"Talking turkey" is a popular idiom, but this kid is taking it to a whole other level. While he and his mom are outside one day, they happen to see some wild turkeys down the road. The little boy decides to try to communicate with the gobbling turkeys, and surprisingly, they seem to respond! There's a whole "conversation" between the two in this clip, and it really, really makes me wish I had a turkey translator so I could know what was said.
The phrase "talking turkey" or "to talk turkey" is a uniquely American expression that generally means to get down to business and talk about whatever relevant matters need discussion. During a negotiation, for instance, you may hear one party tell the other, "Don't come back until you're ready to talk turkey!" So where did this odd phrase come from?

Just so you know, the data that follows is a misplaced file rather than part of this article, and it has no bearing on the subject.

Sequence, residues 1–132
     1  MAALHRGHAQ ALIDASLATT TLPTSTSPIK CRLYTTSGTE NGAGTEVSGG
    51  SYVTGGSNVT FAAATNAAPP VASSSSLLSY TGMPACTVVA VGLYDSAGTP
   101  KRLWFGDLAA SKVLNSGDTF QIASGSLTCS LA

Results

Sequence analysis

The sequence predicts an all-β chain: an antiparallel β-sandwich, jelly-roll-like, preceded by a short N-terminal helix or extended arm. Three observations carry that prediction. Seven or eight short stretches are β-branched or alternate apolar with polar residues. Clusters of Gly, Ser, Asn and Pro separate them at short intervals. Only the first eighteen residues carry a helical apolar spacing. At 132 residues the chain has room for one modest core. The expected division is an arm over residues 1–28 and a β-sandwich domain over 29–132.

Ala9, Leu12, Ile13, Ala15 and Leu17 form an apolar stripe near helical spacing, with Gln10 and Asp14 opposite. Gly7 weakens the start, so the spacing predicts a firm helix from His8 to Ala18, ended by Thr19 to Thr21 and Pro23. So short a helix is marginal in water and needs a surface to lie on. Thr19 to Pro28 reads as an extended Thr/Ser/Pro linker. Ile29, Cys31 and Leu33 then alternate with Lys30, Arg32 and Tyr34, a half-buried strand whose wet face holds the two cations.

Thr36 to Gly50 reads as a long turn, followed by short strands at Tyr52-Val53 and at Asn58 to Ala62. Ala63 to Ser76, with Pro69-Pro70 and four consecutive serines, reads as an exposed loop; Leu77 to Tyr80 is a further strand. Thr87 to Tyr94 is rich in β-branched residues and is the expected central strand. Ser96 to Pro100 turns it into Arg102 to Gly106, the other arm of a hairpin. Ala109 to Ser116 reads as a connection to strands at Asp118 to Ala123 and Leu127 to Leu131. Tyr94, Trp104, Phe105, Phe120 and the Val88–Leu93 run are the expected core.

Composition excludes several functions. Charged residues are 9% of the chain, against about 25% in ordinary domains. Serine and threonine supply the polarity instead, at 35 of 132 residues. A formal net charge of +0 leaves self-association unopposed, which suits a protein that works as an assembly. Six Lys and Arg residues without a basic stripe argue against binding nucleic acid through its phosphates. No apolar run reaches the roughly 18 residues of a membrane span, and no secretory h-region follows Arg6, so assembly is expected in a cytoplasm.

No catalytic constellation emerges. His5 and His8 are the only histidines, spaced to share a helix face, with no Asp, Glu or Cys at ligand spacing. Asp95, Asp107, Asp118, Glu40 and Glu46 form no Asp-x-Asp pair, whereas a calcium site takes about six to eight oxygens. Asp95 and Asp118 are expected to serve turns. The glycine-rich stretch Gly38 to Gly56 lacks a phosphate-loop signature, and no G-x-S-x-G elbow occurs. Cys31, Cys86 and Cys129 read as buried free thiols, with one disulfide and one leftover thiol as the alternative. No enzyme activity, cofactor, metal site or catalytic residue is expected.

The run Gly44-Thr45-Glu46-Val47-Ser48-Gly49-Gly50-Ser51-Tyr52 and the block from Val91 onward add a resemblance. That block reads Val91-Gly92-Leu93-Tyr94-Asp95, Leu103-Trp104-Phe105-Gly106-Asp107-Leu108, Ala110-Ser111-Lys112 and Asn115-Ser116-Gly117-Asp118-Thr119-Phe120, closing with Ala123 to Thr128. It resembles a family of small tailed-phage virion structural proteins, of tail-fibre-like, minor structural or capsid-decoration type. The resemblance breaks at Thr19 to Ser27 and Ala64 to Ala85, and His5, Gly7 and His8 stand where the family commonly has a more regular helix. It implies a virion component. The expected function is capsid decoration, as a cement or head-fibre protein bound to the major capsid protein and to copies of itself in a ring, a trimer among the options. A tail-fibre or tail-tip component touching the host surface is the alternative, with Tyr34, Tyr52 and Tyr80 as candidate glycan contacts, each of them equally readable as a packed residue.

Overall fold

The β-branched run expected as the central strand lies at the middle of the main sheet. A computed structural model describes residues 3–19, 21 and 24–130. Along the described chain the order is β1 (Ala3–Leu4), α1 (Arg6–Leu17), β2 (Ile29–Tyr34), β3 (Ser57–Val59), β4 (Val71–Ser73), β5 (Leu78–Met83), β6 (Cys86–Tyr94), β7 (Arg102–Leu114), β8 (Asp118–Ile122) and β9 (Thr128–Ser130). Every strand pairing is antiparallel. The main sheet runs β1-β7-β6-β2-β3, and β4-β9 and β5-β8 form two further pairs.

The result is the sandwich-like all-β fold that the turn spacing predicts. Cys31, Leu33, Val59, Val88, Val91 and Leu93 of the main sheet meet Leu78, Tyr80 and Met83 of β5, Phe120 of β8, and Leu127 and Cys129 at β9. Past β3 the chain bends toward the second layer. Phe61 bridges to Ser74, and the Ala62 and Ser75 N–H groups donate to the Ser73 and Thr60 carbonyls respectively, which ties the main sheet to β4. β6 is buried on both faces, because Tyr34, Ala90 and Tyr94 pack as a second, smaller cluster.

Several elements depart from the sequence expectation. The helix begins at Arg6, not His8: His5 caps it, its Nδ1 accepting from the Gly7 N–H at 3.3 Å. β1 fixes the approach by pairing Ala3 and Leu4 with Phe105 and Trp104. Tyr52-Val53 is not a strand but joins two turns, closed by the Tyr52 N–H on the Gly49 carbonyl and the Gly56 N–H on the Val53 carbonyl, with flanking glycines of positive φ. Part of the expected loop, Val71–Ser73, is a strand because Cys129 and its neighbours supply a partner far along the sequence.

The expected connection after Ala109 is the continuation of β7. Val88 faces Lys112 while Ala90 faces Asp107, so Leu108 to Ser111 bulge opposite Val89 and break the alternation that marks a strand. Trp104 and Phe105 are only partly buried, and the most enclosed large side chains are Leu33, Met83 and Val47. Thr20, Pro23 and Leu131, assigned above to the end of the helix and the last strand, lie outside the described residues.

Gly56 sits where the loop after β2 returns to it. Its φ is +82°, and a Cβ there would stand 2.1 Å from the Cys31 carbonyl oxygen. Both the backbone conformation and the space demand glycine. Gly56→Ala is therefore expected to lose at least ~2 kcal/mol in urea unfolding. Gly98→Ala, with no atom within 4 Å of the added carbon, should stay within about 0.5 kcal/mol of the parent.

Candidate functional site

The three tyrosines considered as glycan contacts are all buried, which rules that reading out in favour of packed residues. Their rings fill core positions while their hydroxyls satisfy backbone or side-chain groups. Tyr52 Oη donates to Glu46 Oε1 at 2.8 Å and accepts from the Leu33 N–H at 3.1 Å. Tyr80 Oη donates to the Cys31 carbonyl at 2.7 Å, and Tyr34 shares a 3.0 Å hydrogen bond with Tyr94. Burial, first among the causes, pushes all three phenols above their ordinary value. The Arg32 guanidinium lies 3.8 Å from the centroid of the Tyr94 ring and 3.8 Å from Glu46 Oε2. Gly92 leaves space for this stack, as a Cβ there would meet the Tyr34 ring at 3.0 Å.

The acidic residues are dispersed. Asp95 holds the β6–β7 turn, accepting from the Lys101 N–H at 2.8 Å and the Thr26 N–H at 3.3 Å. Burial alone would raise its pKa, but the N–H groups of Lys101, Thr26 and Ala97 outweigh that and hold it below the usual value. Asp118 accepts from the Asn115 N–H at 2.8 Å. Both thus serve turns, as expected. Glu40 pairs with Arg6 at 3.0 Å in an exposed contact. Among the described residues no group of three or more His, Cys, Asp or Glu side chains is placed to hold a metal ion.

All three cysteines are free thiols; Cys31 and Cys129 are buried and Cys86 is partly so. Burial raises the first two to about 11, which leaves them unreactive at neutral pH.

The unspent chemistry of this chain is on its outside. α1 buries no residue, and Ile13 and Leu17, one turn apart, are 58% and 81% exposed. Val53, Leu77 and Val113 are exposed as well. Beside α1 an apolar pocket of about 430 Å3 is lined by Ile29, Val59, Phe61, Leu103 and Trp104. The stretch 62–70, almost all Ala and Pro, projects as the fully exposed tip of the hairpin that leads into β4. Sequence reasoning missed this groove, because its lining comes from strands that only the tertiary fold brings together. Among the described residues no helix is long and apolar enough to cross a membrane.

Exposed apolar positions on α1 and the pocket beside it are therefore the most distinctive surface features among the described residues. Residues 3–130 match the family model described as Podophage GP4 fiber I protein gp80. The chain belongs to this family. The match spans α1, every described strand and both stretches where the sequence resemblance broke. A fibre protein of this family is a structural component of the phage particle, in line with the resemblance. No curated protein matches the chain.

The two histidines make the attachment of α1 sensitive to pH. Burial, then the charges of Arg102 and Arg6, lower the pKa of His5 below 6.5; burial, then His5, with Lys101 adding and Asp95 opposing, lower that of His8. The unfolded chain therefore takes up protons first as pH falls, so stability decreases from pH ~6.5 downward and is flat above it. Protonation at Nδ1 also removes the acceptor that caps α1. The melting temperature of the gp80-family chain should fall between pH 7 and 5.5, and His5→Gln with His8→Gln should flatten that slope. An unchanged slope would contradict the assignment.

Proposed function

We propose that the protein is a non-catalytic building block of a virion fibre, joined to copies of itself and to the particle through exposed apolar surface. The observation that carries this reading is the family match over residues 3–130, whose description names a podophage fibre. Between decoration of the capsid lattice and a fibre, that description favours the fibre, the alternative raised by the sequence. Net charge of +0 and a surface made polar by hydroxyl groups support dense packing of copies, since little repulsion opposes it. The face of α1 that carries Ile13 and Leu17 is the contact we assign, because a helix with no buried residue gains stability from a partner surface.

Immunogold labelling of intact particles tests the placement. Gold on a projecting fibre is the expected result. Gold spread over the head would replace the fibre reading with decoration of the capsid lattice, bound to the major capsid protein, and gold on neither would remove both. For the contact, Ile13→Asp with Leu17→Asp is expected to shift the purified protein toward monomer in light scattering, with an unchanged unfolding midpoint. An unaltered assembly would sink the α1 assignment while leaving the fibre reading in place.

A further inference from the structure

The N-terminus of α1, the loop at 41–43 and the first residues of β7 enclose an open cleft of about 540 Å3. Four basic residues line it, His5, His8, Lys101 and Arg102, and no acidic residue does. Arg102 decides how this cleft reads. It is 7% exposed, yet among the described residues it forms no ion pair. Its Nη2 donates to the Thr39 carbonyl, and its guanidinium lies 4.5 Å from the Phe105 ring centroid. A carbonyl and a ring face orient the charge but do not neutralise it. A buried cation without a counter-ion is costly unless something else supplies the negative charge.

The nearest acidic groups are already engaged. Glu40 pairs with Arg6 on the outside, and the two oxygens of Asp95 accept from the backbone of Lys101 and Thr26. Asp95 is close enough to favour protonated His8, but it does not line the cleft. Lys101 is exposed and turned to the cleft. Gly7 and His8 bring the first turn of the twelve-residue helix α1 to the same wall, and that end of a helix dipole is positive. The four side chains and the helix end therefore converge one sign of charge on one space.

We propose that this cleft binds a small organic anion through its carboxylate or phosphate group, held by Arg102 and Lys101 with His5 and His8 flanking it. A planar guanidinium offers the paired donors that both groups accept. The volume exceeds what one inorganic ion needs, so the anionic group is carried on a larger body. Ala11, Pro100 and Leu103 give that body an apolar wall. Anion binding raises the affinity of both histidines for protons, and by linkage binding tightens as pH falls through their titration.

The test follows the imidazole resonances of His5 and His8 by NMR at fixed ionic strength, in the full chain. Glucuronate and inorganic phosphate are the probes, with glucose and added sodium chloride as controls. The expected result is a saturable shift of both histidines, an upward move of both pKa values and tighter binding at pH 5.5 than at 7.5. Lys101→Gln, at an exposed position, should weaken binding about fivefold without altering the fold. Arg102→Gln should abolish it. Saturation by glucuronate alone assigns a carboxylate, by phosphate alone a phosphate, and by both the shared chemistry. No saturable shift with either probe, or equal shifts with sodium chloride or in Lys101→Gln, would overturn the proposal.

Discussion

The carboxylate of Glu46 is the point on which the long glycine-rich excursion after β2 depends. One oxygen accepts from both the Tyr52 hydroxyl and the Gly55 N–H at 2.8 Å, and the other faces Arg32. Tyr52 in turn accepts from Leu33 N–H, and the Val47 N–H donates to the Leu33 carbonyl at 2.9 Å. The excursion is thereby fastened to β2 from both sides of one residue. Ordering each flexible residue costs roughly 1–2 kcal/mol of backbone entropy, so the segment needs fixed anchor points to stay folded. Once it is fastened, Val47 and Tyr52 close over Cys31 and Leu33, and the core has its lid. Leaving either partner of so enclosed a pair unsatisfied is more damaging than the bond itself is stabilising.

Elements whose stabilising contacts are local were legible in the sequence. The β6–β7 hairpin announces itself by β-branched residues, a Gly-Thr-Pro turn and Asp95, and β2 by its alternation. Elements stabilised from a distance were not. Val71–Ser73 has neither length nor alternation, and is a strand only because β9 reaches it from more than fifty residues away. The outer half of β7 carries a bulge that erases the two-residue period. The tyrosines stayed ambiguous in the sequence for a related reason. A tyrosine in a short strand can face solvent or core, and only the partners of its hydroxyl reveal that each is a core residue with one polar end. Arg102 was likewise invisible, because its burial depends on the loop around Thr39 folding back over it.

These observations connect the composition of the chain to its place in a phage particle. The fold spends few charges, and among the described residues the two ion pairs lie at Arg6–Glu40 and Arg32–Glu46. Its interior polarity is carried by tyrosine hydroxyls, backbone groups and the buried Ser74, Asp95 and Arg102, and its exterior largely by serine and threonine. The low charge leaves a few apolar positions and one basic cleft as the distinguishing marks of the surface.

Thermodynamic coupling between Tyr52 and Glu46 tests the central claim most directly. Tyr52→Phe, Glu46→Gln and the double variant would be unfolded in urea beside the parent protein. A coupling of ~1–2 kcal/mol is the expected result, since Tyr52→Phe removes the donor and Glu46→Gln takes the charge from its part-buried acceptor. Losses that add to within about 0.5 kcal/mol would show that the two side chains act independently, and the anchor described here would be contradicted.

There are several competing stories, but expert Michael Quinion at World Wide Words seems to think that the most likely origin was during the days of the early European settlers. Many of the contacts between settlers and Native Americans revolved around the purchase and sale of wild turkeys, to an extent that when Natives saw a European settler approaching, they would ask, "You come to talk turkey?" Another popular story is that a colonist and a Native went hunting together and bagged 4 turkeys and 4 crows. While splitting up the catch, the colonist gave himself all the turkeys and proposed the Native take all the crows. Understandably, the Native protested and remarked "you talk all turkey for you, only talk crow for Indian."
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